Abstract: To explain emergent cultural phenomena, this paper argues, it is inevitable to understand the evolution of complex human cognitive adaptations and their links to the population-level dynamics of cultural variation. On the one hand, the process of cultural transmission is influenced and constrained by humans’ evolved psychology; people tend to acquire some cultural variants rather than others. On the other hand, the cultural environment provides cultural variants that are transmitted to or adopted by individuals via processes of social learning. To gain insights into this recursive relationship between individual cognitive dispositions at the micro level and cultural phenomena at the macro level, the theory of gene-culture coevolution is applied. Moreover, a model of cultural evolution demonstrates the dissemination of novelty within a population via biased social learning processes. As a result, some unique facets of human behavior and cumulative cultural evolution are identified.
    Keywords: Cultural Evolution, Social Learning, Diffusion Dynamics, Coevolution, Evolutionary Economics Length 22 pages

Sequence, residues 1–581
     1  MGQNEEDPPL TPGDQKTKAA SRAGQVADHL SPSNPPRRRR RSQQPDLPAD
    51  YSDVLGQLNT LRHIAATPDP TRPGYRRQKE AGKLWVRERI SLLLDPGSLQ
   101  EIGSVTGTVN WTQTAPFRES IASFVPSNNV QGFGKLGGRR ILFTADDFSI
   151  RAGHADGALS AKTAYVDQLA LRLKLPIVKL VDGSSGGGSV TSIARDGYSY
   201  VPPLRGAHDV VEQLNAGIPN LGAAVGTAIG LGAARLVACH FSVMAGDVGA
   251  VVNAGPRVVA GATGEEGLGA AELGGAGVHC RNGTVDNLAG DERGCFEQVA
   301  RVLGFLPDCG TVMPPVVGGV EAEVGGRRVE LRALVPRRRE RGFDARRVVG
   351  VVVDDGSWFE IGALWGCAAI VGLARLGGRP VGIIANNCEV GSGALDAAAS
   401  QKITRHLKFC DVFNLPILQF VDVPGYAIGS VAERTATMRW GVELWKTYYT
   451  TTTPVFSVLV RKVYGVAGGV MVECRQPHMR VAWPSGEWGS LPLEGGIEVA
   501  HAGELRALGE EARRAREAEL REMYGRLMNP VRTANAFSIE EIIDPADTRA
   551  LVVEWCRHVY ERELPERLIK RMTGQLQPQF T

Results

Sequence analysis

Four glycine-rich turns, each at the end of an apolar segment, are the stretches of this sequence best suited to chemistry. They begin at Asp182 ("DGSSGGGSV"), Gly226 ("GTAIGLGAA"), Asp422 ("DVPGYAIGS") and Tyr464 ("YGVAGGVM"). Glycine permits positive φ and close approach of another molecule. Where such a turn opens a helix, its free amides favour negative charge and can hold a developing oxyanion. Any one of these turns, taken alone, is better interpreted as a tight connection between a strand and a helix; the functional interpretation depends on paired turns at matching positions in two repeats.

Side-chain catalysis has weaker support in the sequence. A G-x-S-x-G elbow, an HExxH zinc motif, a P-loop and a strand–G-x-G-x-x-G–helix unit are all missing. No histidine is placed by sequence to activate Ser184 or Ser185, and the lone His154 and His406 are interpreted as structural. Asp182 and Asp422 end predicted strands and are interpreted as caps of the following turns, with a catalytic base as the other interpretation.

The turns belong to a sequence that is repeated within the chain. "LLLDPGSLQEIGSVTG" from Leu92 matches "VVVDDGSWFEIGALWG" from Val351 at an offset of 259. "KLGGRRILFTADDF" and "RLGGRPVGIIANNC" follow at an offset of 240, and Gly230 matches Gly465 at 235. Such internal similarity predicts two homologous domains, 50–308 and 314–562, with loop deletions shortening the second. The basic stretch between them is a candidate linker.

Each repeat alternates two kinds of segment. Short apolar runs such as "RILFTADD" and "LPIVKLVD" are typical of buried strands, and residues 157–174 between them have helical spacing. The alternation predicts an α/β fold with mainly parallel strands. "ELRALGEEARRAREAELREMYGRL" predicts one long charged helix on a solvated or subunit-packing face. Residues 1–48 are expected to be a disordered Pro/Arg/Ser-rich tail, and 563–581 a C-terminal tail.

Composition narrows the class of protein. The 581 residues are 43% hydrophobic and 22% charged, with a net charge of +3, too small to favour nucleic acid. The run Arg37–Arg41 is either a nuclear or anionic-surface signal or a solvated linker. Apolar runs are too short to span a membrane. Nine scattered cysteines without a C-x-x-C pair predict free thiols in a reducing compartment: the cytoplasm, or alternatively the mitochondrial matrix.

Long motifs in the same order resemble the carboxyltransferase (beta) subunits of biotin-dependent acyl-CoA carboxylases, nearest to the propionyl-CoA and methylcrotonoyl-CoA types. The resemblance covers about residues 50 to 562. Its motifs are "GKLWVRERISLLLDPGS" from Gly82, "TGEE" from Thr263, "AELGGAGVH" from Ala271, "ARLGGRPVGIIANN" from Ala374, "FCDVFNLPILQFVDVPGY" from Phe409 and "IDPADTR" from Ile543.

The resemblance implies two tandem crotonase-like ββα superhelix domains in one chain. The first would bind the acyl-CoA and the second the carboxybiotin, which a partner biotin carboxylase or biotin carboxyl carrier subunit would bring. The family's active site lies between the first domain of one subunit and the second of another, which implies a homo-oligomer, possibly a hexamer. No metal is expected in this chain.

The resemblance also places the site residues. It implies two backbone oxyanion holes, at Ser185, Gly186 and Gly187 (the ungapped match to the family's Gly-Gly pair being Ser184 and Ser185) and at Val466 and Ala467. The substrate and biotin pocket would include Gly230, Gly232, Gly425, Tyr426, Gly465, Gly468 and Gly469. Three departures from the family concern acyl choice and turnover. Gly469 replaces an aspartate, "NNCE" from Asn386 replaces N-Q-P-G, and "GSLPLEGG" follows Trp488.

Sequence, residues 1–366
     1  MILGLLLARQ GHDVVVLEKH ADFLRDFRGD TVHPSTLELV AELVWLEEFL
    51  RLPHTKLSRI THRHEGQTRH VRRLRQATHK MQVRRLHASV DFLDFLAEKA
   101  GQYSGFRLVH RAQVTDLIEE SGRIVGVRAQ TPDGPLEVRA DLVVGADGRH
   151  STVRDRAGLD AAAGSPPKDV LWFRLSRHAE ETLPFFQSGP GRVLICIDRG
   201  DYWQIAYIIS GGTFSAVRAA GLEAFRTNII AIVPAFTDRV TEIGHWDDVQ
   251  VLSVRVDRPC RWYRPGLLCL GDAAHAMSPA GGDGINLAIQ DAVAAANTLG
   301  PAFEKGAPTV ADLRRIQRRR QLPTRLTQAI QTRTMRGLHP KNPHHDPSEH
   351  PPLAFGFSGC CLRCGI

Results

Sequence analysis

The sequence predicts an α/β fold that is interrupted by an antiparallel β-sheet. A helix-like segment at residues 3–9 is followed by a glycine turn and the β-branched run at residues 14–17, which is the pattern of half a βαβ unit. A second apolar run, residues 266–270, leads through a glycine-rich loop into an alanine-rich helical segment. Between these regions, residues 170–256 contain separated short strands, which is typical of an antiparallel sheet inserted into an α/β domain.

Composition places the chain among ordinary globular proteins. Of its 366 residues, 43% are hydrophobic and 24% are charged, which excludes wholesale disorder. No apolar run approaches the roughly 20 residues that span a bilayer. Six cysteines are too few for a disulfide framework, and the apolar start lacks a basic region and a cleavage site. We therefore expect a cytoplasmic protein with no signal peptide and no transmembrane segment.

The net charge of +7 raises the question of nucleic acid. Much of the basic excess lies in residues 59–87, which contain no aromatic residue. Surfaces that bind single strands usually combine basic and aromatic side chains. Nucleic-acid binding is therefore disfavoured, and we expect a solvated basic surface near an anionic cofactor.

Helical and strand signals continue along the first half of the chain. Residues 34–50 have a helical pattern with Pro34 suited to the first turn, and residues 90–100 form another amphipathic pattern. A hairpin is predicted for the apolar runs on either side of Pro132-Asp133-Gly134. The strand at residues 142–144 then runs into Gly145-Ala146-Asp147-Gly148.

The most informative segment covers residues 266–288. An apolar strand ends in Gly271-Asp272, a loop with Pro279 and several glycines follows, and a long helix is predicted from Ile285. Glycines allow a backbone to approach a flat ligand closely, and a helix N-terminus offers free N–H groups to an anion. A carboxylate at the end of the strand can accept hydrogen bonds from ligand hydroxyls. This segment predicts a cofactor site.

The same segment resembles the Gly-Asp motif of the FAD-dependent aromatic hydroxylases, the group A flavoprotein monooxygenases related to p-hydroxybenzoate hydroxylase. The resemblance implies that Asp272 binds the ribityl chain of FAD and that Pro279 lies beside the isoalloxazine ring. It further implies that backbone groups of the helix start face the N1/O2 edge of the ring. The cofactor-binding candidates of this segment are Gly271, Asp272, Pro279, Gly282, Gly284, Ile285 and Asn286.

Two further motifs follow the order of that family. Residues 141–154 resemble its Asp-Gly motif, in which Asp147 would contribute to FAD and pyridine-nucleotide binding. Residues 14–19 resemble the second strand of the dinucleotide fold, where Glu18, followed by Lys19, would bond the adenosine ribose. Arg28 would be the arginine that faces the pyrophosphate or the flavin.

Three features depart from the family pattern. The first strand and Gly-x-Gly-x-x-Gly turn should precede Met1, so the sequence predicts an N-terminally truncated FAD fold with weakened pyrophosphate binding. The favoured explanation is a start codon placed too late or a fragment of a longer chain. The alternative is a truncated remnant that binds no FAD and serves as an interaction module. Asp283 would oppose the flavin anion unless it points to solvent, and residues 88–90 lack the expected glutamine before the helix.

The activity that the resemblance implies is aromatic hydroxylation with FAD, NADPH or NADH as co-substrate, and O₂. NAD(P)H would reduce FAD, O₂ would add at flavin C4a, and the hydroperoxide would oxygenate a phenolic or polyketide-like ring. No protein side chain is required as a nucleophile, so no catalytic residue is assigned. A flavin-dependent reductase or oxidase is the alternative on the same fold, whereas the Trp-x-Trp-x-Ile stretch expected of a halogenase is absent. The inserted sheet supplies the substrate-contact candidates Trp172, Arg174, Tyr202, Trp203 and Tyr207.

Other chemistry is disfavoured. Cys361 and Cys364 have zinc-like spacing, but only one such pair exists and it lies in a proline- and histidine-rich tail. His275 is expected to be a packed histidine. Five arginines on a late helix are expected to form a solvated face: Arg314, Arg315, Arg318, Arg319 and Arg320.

Date: 2007–12
  4. By: Ruben Enikolopov (Harvard University); Maria Petrova (Harvard University); Ekaterina Zhuravskaya (New Economic School (NES), Center for Economic and Financial Research (CEFIR), Center for Economic Policy Research (CEPR))
    Abstract: Governments control media in much of the developing world. Does this have an effect on political choices of voters? We address this question using exogenous variation in the availability of the signal of the only independent from the government national TV channel in Russia during the 1999 parliamentary elections. We find that the presence of an independent source of political news on TV significantly decreased the vote in favor of the government party and increased the vote in favor of the opposition parties. We find that the difference in TV coverage significantly changed voting behavior even controlling for voters’ inclinations just one month prior to the elections. The effects we find are larger than those found in established democracies.
    Date: 2007–12

This nep-cul issue is ©2008 by Roberto Zanola. It is provided as is without any express or implied warranty. It may be freely redistributed in whole or in part for any purpose. If distributed in part, please include this notice.